- The size of the District cannot be more than 10 miles square, but there is no minimum size required by the Constitution. Congress has, through simple majority vote, reduced the size of the District twice before. The first time was shortly after it was first established to correct a boundary issue. The second time was in 1846 when Congress agreed to retrocede the portion originally ceded by Virginia back to Virginia. Again, this was done after a simple majority vote, with the people living there having voting to retrocede and the state of Virginia agreeing to take back the territory.
Mr. Thomas from the Congressional Research Service outlined three parts of the Constitution that are involved: The Admission Clause, the District Clause and the 23rd Amendment.
- The Admission Clause says that Congress can admit new states and that new states cannot be made out of already existing states. He noted that there is no specific language in the cessation bill that gave Maryland land to the federal government that indicates that Maryland has any rights to the ceded territory if it were used other than as the federal district.
- The District Clause has no minimum size for the federal district and his opinion is that the Founding Fathers left it up to Congress to decide what size would be required.
- The 23rd Amendment gives 3 electoral votes to DC, so the small number of people living in the newly drawn smaller federal district would have enormous power in presidential elections if the Amendment remained in force.
Mr. Pilon, the minority witness in opposition, opened his presentation by noting that the bill would not be going anywhere because of the Republican-held Senate. His main point was that making DC a state would require a constitutional amendment because the founding fathers included the federal district in the Constitution as a special enclave. So, because it is in a special category, it could not be addressed through the Admissions Clause because that is about territories.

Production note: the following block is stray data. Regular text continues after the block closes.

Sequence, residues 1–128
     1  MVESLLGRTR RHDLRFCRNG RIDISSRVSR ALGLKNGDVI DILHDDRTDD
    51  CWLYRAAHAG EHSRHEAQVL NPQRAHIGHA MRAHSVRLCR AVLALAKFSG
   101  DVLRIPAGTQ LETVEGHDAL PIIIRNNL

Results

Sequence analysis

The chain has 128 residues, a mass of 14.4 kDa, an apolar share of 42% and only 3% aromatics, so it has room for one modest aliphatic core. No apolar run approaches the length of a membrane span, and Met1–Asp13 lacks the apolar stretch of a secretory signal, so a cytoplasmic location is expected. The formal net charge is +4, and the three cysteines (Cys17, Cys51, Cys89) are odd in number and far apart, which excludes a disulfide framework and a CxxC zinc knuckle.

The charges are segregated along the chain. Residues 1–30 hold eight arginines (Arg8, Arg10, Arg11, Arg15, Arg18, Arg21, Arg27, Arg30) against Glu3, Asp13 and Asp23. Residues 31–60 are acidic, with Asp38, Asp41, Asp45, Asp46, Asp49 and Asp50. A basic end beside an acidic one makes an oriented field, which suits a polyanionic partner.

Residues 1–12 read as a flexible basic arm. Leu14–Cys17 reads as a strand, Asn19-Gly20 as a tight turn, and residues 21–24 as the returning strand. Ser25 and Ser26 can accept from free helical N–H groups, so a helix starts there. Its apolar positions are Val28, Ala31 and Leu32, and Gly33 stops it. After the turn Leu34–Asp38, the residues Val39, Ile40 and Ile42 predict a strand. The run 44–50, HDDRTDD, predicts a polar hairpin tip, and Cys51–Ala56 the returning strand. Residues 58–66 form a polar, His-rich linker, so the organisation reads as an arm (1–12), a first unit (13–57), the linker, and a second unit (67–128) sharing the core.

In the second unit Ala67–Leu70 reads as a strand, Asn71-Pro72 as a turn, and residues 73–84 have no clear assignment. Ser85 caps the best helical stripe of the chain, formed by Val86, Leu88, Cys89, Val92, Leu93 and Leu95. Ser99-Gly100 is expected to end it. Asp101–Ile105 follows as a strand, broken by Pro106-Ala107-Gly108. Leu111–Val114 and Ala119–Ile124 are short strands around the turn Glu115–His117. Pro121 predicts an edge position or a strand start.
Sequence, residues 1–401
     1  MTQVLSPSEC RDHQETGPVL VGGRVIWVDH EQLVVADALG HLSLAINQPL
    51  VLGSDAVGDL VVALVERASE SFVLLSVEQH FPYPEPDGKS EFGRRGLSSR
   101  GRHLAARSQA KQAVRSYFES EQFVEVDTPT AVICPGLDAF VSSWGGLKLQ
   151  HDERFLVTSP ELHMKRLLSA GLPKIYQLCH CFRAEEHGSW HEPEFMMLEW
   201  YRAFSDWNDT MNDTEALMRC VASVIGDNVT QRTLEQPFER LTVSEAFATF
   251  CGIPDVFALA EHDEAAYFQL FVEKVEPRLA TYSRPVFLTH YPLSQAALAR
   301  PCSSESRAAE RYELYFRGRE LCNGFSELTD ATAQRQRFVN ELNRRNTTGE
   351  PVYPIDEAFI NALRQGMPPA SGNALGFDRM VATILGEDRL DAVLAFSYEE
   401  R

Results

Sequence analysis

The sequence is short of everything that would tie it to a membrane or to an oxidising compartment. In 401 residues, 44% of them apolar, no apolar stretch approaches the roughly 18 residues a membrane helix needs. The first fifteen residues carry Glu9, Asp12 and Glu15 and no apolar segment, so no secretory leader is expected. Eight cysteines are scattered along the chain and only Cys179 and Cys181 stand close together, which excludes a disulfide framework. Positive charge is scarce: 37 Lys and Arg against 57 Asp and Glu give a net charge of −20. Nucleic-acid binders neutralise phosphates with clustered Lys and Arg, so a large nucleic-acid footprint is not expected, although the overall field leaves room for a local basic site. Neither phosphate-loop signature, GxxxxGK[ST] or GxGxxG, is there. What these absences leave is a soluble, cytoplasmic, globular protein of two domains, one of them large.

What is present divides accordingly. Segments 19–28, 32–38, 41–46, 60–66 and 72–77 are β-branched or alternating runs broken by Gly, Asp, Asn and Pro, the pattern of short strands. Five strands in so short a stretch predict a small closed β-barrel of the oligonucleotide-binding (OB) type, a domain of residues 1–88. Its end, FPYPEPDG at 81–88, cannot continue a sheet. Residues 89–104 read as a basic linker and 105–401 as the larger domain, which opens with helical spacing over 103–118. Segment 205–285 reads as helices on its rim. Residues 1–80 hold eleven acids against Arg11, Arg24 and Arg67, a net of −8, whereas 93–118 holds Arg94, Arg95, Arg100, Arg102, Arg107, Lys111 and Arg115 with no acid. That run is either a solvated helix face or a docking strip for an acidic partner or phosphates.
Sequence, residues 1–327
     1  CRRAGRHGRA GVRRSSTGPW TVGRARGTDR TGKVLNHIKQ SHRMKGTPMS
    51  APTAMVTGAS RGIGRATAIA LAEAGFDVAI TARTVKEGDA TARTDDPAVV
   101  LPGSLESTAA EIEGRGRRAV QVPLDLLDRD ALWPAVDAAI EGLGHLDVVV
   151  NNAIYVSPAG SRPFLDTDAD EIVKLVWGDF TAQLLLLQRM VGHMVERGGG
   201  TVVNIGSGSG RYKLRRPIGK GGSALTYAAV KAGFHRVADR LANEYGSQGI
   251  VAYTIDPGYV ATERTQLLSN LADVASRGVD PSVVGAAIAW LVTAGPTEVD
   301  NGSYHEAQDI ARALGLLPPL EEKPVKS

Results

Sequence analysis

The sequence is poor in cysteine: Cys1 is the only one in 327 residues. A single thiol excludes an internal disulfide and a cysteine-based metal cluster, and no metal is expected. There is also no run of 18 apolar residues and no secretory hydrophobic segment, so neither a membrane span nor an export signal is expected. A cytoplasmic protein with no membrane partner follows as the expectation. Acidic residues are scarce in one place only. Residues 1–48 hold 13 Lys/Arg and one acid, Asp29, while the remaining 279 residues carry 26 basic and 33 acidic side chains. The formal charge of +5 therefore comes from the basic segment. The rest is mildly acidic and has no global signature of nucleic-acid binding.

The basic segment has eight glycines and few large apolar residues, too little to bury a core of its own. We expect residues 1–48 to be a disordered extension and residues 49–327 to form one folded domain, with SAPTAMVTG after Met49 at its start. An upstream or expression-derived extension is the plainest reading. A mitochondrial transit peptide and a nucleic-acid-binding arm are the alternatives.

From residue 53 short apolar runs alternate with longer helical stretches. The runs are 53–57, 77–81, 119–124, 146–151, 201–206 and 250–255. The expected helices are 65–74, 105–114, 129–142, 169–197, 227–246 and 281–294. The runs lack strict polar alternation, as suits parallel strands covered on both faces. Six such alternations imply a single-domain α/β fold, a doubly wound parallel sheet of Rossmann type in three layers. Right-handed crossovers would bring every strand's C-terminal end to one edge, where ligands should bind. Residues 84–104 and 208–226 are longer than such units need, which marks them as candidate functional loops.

Further opposition was expressed by the Republican members of the Committee, although no one disputed any of the presentations of the witnesses advocating for statehood. Instead, they focused on the following themes:
- Corruption in government, both historically and today, by trying to get DC Councilmember Jack Evans brought in as a witness for the minority. Evans is currently under federal indictment for his performance on the Metro Board. The implication seemed to be that if individual elected officials were corrupt, then DC was not eligible to be a state.
- Emphasized that the Founding Fathers in their wisdom had created DC and so to change the status would require a constitutional amendment.
- There were other comments that focused on where Congressional staffers would park with such a small federal district, historical references that demonstrated confusion about the actual historical facts, questions about DC’s decision to allow sports gambling and questions about what was included in the new state, such as the inclusion of the Trump hotel.
The discussion of the issues among the Committee members revolved around advocates responding to points the opposition had made:
- On corruption: Advocates responded to this line of argument by referencing the many elected officials around the country who have acted improperly without having their state’s status questioned. The actions of individuals should not cause 700,000+ people to continue to be disenfranchised.
- On requiring a Constitutional amendment: Advocates noted that 37 of the 50 (after the original 13) states had been admitted to the Union by Congress—none by Constitutional amendment—and that the District Clause is clear that Congress has exclusive jurisdiction over DC, therefore can admit portions of it as a state, if it so chooses.
- On the 23rd Amendment: Ms. Norton noted that upon DC becoming a state, the states would repeal the 23rd Amendment in short order, since no one would want to give DC that much power.
- Several members of the Committee also commented on how racism and partisanship has played a major role in the way that DC has been viewed and treated over the years. They challenged their fellow Congress members to support statehood to finally enfranchise the taxpayers who live in DC.
The next steps for H.R. 51, The Washington DC Admission Act (DC stands for Douglass Commonwealth) will be a mark-up session in committee, and a committee vote on the bill. It is expected to pass the committee to be sent to the House floor for a vote sometime in 2020.
This legislation is a historic opportunity to ensure that DC residents are no longer disenfranchised. Stand with the residents of DC and sign our petition to support DC Statehood.